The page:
Prevention and Wellness

Answers to Common Urology Questions

Premier Physician Network doctors answer frequently asked questions about urology.

What is a urinary tract infection?

A urinary tract infection (UTI) is an infection in your urinary tract, which includes the bladder, kidneys and urethra, according to the American Academy of Family PhysiciansOff Site Icon (AAFP).

Talk to your doctor for more information about urinary tract infections.

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What are the symptoms of a urinary tract infection?

There are a variety of symptoms that you can have with a urinary tract infection (UTI), according to the American Academy of Family PhysiciansOff Site Icon (AAFP).

UTI symptoms could include:

  • Burning or pain when you urinate
  • Cloudy, dark, bloody, smelly urine
  • Feeling the need to urinate more often than usual
  • Having the urge to urinate but not being able to
  • Leaking small amounts of urine

For more information about symptoms of a urinary tract infection, talk with your doctor.

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What puts you at a higher risk for developing a urinary tract infection?

Women are at higher risk of developing a urinary tract infection (UTI) than men, according to the American Academy of Family PhysiciansOff Site Icon (AAFP). This is because women have a shorter urethra, making it easier for bacteria to reach the bladder. 

Sexual intercourse can also cause a UTI, especially in women, because bacteria can easily be pushed into the urethra. 

The risk of UTIs also increases in women who use a diaphragm, because the diaphragm makes it harder for the bladder to empty, which makes it more likely for bacteria to cause infections.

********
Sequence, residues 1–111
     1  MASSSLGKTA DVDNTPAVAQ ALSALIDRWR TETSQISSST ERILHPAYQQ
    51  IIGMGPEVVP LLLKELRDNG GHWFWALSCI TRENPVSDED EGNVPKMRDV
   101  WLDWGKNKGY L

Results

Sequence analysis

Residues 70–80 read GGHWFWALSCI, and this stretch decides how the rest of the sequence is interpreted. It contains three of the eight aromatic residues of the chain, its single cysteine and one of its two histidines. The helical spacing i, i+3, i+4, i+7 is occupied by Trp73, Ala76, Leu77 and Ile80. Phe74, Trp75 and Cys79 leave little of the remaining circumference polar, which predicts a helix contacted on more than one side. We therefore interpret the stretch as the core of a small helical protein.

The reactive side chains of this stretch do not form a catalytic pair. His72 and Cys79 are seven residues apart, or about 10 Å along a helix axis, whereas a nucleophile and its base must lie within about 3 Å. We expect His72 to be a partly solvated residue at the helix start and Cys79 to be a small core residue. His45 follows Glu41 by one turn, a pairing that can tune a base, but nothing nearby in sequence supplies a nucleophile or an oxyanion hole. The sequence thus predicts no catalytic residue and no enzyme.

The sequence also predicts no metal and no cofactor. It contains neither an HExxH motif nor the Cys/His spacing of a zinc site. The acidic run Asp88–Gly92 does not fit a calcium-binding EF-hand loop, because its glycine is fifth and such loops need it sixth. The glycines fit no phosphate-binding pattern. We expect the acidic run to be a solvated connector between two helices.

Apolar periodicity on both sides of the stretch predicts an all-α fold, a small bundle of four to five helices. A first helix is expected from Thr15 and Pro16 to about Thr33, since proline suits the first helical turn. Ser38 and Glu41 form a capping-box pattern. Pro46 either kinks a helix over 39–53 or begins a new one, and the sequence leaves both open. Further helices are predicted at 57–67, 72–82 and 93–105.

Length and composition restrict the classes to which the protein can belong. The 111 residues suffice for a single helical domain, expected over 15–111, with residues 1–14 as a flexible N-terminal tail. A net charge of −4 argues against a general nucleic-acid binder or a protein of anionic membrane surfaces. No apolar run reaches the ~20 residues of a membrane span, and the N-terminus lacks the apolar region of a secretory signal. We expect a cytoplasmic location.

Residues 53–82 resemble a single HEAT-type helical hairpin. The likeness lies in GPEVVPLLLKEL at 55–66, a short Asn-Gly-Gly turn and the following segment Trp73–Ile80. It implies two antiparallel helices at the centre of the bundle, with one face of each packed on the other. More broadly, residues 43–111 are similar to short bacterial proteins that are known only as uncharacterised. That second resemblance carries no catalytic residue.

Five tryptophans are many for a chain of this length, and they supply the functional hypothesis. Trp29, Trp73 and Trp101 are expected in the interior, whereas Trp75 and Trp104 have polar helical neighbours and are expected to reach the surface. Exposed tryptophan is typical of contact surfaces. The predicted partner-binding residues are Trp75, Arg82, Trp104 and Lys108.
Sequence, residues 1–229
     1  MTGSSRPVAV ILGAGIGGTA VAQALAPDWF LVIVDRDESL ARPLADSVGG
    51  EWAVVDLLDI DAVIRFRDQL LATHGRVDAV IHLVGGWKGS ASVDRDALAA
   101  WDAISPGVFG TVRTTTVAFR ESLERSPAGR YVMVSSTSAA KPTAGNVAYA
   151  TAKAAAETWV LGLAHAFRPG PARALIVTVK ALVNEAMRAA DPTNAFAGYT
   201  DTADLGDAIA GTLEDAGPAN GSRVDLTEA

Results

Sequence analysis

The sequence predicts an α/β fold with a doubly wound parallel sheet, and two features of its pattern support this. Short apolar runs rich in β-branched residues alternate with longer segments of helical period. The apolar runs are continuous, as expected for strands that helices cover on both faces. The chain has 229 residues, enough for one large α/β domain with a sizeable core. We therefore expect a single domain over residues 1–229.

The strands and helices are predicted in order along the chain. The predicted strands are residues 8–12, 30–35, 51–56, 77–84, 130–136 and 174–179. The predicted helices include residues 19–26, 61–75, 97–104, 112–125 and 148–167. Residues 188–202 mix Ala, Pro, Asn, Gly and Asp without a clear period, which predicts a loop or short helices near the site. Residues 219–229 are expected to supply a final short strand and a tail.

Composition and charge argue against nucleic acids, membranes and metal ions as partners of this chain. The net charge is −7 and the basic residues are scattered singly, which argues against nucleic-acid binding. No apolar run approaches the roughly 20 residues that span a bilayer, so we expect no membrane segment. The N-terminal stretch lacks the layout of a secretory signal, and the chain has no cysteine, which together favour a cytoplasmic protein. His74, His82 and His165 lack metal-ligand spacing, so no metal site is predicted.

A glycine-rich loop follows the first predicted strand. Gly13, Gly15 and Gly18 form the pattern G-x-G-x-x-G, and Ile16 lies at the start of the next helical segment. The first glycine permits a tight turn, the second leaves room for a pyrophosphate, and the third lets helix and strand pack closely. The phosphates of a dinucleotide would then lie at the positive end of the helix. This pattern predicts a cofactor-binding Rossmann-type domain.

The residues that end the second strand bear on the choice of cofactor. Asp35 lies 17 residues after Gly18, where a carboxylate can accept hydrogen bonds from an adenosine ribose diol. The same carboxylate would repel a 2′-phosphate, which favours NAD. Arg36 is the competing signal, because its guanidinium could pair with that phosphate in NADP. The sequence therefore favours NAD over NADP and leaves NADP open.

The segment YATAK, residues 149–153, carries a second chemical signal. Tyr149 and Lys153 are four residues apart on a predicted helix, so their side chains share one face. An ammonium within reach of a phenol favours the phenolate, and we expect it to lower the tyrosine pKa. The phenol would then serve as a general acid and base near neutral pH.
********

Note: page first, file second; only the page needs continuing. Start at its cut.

Talk to your doctor for more information about who is at higher risk for developing a urinary tract infection. 

For more information about symptoms of a urinary tract infection, talk with your doctor.

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What can you do to reduce your risk for a urinary tract infection?

You can take a variety of steps to reduce your risk of getting a urinary tract infection (UTI), according to the American Academy of Family PhysiciansOff Site Icon (AAFP).

Those steps include:

  • Avoid bubble baths
  • Avoid using a diaphragm as birth control if you get UTIs frequently
  • Don’t hold your urine
  • Drink plenty of water
  • Urinate after having sexual intercourse
  • Use plenty of lubrication during sexual intercourse
  • Wash foreskin regularly if you are uncircumcised
  • Wear loose-fitting clothing, including underwear
  • Wipe from front to back after a bowel movement

For more information about reducing your risk of a urinary tract infection, talk with your doctor.

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Source: Nicholas Davis, MD, Centerville Family Medicine

Content Updated: April 5, 2018

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